At the bottom of the table, matters are even more acute. Tony Finnigan, the managing director of the agency Wright, Wright, Wright, said: "There may be more activity than last year simply because there are clubs down there with only a few points separating them. Charlton, Fulham, West Ham. They are all in it."
Finnigan, who expects to complete three deals next month, which should include Nathan Ellington's return to Wigan, added: "From the conversations I've had with the bottom six clubs, it's clear they all want to do some business to save themselves."
Sheffield United have already made their priorities clear while West Ham are revising theirs following Alan Curbishley's arrival. Dean Ashton's injury setback means a striker is a priority.
There is a clear problem. "A player who is going to go to Watford, for example, has to weigh up that, in all probability, he will be playing Championship football next season," Smith said. "That's not dismissing Watford's chances, that's just being realistic. All the bottom clubs have the same problem." Indeed, after the Boxing Day defeat to Arsenal, Adrian Boothroyd acknowledged this when asked what signings he would make.
Many experts, such as Dan Jones, believe that "when push comes to shove, clubs are going for players proven at the highest level". However, this January in particular, there is another intriguing trend: the high number of young, exciting players in the Championship who are attracting interest. That list is headed by Southampton's Gareth Bale. United lead the hunt and a fee of £7m has been mentioned, but the club's manager, George Burley, is adamant the 18-year-old left-back is going nowhere.
Then there is Derby County's Giles Barnes, Greg Halford, the Colchester United right-back, Preston's David Nugent and Matthew Upson of Birmingham City. Even further down the leagues the young strikers Billy Sharp, of Scunthorpe United, and Rotherham's Will Hoskins may also find themselves in the Premiership soon.
Again there is a problem. "If you are in the Championship and doing OK," said Jones, "you are not likely to want to sell, especially if that player is the one who can get you promoted".
Whatever happens, one thing is clear. Despite the window being open for a month, the busiest days will be the final three or four, condensing the transfer frenzy into an even shorter timescale. The dice are about to be rolled.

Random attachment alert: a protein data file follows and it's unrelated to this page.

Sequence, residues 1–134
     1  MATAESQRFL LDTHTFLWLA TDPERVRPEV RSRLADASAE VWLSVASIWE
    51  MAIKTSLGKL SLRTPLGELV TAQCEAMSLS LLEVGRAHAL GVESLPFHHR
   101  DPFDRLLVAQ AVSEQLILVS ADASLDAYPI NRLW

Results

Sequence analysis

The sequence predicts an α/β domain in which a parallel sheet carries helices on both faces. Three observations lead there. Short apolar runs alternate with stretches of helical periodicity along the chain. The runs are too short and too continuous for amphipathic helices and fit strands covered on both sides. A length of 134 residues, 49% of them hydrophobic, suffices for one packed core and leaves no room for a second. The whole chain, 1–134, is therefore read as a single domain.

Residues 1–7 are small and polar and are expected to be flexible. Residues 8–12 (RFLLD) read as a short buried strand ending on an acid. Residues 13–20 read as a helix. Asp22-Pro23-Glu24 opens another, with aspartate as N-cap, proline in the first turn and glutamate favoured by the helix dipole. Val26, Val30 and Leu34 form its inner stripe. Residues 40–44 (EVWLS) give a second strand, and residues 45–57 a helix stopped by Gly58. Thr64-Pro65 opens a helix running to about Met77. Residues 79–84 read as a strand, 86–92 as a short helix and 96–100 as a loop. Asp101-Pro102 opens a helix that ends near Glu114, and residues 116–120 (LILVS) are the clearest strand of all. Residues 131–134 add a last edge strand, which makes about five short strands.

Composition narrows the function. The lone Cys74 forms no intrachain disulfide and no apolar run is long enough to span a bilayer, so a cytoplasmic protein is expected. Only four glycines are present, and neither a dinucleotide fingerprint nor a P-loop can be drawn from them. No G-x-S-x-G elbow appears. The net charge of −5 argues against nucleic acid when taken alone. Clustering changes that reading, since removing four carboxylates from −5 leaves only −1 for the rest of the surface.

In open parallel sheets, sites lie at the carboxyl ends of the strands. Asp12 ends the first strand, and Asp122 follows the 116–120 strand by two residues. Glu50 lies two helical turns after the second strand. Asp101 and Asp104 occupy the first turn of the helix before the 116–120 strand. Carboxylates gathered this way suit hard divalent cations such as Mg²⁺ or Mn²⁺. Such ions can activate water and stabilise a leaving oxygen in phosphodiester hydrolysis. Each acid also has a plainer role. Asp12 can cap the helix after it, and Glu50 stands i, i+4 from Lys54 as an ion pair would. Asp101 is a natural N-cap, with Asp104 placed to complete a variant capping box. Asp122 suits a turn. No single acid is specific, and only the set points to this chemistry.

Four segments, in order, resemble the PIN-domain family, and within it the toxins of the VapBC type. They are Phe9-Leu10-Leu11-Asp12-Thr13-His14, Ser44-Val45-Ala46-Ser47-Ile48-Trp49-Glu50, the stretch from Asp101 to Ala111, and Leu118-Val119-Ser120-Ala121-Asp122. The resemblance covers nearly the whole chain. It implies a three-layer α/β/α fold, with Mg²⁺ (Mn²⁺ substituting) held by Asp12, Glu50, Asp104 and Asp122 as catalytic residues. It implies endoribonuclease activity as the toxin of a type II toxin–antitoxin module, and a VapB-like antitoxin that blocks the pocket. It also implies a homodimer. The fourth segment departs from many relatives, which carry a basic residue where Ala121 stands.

Moving targets: Five players who could be on their way in the next five weeks
Shaun Wright-Phillips Chelsea (Winger, 25)
A £10m deal was in place with West Ham but that collapsed with the sacking of Alan Pardew and the club's relegation fight. The winger wants to stay at Chelsea but they are seeking a permanent deal. Interest from Portsmouth, Manchester City and Newcastle United.
Vincenzo Montella Roma (Striker, 32)
With so many Premiership clubs in the market for strikers, the Italian, who is currently out of favour with the Serie A side Roma, could arrive on loan at either Fulham or Blackburn Rovers, who have ruled out a move for Everton's unwanted striker James Beattie.
Gareth Bale Southampton (Full-back, 18)
Manchester United lead the way but Arsenal, Liverpool, Tottenham Hotspur and Newcastle United are all keen on the teenage Welsh international left-back who, because of his age, has only 18 months left on his deal. Southampton say they will resist offers. Time will tell.
David Nugent Preston (Striker, 21)
Do Preston cash in or hope the England Under-21 striker's goals will propel them into the Premiership? Everton have long been linked but have always balked at the £5m asking price, as have Portsmouth, Sheffield United and, so far, Aston Villa.
Will Hoskins Rotherham (Striker, 20)
The striker has been watched by four Premiership clubs - Everton, Middlesbrough, Watford, Reading - plus Celtic, Crystal Palace, Ipswich and Cardiff City even though he is in League One. His contract runs out at the end of the season and he may go for close to £1m.Reuse content